I’m worried. And when I lose sleep about a cyber security threat, my track record has unfortunately been all-too-accurate. Back in the mid-90’s, for example, a group of us at Bell Labs were begging both political parties to fix security weaknesses in their email infrastructure. I remember feeling sick to my stomach at their failure to recognize how email vulnerabilities could influence future elections. They should have listened to us.
Back in the late 90’s, I remember a similar feeling of dread when it was explained to me how little zombie programs (now you would call them bots) could be harvested into armies that could be commanded to overwhelm a target. Many Amtrak Metroliner trips from Newark to DC followed, with the purpose of warning Meet the Press-types about what was coming. But, of course, little was done. Today, we call this type of weapon a botnet.
And back in the early 2000’s, I developed another sick feeling in my stomach that a new type of cyber attack – something my friend Greg Rattray was calling an Advanced Persistent Threat – would be nearly impossible for businesses to stop. I started publishing technical warnings that companies needed to micro-segment – a concept I called Rings Around Things. That was a decade and a half ago, and companies still remain vulnerable. Sigh.
My fear now, however, is ten times more intense than anything I’ve ever experienced. And the focus of my concern is on our country: the United States of America. We spend nearly seven hundred billion on a national defense – but I see a clear and present danger where a carefully-designed cyber offensive campaign from an adversary could take us out, easily. The solution, I respectfully submit, requires a National Cyber Czar. Let me explain:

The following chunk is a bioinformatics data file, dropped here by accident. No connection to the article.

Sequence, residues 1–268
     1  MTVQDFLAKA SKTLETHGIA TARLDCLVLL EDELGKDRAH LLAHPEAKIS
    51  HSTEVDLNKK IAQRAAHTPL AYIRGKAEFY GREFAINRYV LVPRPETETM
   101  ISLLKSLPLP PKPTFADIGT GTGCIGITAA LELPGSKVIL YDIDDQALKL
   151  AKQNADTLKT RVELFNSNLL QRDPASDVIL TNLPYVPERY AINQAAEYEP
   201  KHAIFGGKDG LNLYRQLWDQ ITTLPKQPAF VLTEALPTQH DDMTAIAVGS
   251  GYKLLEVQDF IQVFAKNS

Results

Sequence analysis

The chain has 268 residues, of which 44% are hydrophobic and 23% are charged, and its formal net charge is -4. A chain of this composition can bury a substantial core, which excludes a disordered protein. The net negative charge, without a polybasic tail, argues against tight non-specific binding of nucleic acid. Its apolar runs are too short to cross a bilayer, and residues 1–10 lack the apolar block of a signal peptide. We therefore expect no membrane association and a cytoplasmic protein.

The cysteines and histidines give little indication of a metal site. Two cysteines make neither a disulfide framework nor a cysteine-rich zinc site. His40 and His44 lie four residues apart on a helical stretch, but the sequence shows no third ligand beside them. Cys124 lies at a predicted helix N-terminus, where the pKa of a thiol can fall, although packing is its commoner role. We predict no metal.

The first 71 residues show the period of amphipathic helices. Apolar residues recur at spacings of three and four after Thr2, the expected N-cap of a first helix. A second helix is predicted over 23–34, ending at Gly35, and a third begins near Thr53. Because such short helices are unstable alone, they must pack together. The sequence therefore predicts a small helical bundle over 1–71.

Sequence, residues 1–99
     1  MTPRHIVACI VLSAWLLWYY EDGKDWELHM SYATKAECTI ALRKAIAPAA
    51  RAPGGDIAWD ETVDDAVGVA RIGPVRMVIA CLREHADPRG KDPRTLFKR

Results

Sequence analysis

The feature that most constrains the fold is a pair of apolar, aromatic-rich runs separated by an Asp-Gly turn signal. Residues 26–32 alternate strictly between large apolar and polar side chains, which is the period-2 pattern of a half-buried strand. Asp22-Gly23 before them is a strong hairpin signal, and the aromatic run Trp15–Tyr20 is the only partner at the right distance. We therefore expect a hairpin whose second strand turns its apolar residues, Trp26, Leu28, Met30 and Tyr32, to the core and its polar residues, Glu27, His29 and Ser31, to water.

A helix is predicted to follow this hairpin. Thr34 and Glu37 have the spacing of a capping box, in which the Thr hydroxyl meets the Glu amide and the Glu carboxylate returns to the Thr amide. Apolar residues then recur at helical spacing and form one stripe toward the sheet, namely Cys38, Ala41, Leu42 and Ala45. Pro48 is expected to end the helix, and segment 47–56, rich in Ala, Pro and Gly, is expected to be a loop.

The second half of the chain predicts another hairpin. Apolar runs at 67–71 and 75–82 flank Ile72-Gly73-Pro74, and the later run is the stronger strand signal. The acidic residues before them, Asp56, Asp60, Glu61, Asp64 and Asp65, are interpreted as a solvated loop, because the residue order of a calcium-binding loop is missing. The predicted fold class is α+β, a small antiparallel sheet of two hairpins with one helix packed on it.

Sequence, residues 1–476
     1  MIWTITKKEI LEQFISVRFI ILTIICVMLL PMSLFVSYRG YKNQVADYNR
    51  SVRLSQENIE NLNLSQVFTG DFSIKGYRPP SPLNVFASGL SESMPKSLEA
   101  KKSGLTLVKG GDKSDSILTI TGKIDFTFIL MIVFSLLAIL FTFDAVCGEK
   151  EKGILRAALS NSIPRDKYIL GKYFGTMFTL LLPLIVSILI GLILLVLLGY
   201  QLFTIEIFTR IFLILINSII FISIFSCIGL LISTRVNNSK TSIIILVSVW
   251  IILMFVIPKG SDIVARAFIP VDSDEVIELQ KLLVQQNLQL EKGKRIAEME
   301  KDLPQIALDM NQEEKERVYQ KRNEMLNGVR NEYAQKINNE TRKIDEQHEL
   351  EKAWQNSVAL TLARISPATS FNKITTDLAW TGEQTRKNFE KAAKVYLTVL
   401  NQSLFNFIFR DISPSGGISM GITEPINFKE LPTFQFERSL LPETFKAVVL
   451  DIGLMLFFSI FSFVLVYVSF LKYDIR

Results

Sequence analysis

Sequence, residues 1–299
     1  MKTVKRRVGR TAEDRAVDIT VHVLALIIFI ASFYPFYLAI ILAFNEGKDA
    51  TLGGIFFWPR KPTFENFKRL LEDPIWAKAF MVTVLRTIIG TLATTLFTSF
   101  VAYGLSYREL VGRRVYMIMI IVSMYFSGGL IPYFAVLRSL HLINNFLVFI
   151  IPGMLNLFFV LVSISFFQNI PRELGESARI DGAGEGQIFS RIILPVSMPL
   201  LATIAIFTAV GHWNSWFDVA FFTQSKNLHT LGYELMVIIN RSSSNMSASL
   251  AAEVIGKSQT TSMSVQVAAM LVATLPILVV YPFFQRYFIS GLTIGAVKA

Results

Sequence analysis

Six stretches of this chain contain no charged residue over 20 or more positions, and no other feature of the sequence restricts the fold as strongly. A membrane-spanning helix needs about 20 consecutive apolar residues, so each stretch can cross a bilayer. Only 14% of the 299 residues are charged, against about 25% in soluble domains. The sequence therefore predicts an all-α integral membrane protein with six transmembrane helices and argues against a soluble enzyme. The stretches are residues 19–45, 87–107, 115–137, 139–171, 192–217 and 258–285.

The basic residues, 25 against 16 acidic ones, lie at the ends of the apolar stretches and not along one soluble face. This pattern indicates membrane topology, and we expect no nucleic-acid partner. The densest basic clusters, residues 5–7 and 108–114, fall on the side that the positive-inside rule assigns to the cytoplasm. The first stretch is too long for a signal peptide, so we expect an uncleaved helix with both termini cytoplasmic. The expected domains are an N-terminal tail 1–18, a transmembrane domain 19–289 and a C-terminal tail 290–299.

Three serious cyber threats exist for US national infrastructure, most of which is privately-held: First, we have no collective means for coordinating a reasonable and cooperative defense against multiple, continued, intense, and voluminous DDOS attacks. If an adversary decided to be really, really persistent in creating large and continuous DDOS attacks, then I believe our national digital infrastructure could collapse for hours, days, or more.
Recognize that I am not talking about pedestrian DDOS attacks. I am talking about massive attacks from enormous botnets that do not stop. And the math is frightening: A few million bots pushing out ten or more Mbps of attack traffic could fill the entire peering capacity of our nation. It would be like a traffic jam clogging every street, road, and highway – and yes, I understand that filtering would be done. But isn’t that the purpose of DDOS?
Second, we have no good means for coordinating an effective defense against APT attacks on our systems. Weak perimeter defenses remain, and tiny progress toward distributed, resilient, virtualized infrastructure crawls along at a snail’s pace. Imagine deciding to escape an exploding building on a tricycle – and you have the correct image here. Our adversaries know this, and APT attacks against the US are like taking candy from a baby.